Nothing to do but protest. Sad news is that one of Joburg’s most beloved bookshops is set to close early next year. Boekehuis in Auckland Park is a haven for writers and for people who love hearing from them run by the amazingly interested and interesting Corina Van der Spoel (I worked closely with her on the Sunday Times Book awards a few years ago – she was one of our judges. And I also hosted a discussion with Peter Harris on his incredible historical thriller In a Different Time: The inside story of the Delmas Four one Saturday afternoon there). It’s a gathering place for readings, poetry, debate, discussion and the exchange of ideas that has been nurtured by Corina. It’s also an independently-run bookshop that I have never managed to leave without a brown packet filled with some extraordinary title that no mega bookstore would stock (or be able to find) or even be interested in ordering. And while its heart is local, its soul is truly global.
But I am still to blame. Convenience has too often won out over loyalty. Although so far I have stopped myself from downloading fiction on an iPad – Even though the iPad was going to make traveling so much easier and lighter I still can’t bring myself to forgo the book, seeing the cover, feeling the pages, sniffing the paper, admiring the typeface and jagged edges of American edition pages in particular. I am putting it out there – books saved my childhood. Reading is what I do.
But saying that my book-buying is often done online or at a chain in major shopping centers. Convenience and those damn loyalty points that we pay dearly for. We also pay a lot for impersonal service and poorly-read sales staff who file books like Fast Food Nation and Chocolat under cookery and can never find even one of the seven copies that “the system” says it has. Take note Exclusive Books.
The shop is owned by media group Naspers and there had been an open letter and petition doing the rounds. You can add your name at Bookslive. If you are a reader get to Boekehuis and buy a book. Buy an armload and support all that’s good and fair in the world and that deserves to survive.Perfect time to go there is this Saturday, December 10 at 12,.15pm for a discussion between the award-winning Ivan Vladislavic (on his latest work The Loss Library and other unfinished stories) and academic Michael Titlestad. A poignant title – The Loss Library.* Boekehuis is at Cnr. Lothbury and Fawley streets, Auckland Park. RSVP: by Thurs. 8 Dec on 011 482 3609 or Boekehuis@boekehuis.co.za
Below is the open letter that was was distributed by Mark Gevisser, Michael Titlestad and Maggie Davey and will be published in the Mail & Guardian this week.
Open Letter to Koos Bekker, CEO, Naspers
Dear Mr Bekker
As writers, publishers, readers, and buyers of books, we are deeply distressed that Naspers is considering shutting down the Boekehuis in Auckland Park. While we understand Naspers’ financial considerations, we cannot emphasise enough the importance of the unique space it has created for cultural and intellectual activity in Johannesburg.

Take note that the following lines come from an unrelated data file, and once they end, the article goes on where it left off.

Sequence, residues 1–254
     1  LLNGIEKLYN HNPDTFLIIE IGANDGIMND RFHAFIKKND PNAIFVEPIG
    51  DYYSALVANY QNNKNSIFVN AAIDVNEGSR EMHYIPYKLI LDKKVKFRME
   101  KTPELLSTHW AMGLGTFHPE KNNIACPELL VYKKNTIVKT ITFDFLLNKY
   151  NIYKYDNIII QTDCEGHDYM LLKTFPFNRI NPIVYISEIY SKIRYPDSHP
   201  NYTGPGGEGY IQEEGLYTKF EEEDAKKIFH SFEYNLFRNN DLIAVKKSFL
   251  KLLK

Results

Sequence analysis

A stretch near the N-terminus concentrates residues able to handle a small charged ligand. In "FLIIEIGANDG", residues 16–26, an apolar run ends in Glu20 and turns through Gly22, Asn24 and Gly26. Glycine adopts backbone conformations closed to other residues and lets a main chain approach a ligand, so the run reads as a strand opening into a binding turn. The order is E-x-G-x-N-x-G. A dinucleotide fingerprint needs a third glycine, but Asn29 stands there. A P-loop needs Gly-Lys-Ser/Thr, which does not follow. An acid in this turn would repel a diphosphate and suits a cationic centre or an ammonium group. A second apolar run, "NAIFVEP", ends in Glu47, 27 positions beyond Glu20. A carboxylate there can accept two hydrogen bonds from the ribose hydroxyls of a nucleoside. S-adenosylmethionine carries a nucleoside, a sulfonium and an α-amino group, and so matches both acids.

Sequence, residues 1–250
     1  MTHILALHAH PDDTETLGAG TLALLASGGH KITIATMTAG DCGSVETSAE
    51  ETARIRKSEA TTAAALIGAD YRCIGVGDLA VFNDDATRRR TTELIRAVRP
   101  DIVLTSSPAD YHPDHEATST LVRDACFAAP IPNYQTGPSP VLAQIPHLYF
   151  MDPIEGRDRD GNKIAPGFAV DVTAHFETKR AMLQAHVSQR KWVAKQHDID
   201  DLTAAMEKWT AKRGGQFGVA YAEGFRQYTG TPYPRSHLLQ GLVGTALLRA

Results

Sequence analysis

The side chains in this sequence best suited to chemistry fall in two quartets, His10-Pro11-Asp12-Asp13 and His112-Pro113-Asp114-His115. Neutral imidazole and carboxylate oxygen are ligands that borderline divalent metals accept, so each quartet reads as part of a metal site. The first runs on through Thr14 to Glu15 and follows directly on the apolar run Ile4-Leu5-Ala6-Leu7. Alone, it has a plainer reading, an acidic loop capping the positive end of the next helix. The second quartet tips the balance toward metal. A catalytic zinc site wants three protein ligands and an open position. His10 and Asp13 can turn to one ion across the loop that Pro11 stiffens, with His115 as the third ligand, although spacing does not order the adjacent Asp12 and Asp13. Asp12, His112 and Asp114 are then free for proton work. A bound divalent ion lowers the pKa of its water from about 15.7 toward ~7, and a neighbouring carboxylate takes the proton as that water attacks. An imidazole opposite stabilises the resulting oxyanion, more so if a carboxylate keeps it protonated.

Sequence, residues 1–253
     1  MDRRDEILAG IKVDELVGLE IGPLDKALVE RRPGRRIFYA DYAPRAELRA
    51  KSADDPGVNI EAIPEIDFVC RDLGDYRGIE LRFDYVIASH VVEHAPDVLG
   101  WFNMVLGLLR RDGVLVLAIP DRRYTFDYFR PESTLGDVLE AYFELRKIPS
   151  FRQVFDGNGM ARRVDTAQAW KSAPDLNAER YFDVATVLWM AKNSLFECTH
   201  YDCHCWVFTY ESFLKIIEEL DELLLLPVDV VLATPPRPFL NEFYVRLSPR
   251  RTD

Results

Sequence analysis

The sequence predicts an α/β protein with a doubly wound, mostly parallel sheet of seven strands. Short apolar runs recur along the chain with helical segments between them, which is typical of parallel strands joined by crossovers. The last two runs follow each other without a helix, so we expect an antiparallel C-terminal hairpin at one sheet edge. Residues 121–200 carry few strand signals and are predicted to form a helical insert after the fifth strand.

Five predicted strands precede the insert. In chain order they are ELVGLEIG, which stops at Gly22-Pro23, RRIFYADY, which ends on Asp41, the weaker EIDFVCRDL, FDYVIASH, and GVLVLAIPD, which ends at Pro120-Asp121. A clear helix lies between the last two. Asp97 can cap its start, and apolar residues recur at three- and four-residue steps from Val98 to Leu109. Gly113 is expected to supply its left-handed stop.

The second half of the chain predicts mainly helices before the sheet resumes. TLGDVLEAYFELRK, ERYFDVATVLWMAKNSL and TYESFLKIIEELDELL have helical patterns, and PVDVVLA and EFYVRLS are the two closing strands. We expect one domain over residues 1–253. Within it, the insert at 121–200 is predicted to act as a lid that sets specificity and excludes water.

Firstly, the Boekehuis public readings and discussions have become among the most important gatherings in the Johannesburg literary calendar. As such, they have done much to promote not only literary talent and ideas, but the profile of both the bookshop itself and Naspers. There are no comparable forums in Johannesburg, and the loss of Boekehuis is a blow against the culture of reading and debate, which is so crucial to the well-being of our democracy, particularly given the steady erosion of book culture in South Africa.
Secondly, in the era of on-line commerce, the Boekehuis staff have set the bar for selecting publications of quality and worth for South African readers. Bookshops, where people of all ages who care about reading can gather and browse – and buy books too, of course – are at the core of the kind of civil, deliberative culture that we believe South Africa so urgently needs. And when they are as beautiful and welcoming as the Boekehuis, all the more so.
For these reasons, we would urge you to reconsider your decision.
From the invitation:
The Loss Library and other unfinished stories:
What happens when a story goes missing or remains unrecorded? When a writer carelessly gives his plot away during a conversation or dies before writing the ending? These stories end up in the Loss Library, where the books that have never been written are kept.
In this poignant, thought-provoking book, one of South Africa’s finest writers examines eleven of his own lost fictions, how the ideas arose and why he abandoned them. But this reflection on the art of writing is not a lament for unfinished work. Rather The Loss Library is a meditation on creativity, mortality and the allure of the incomplete.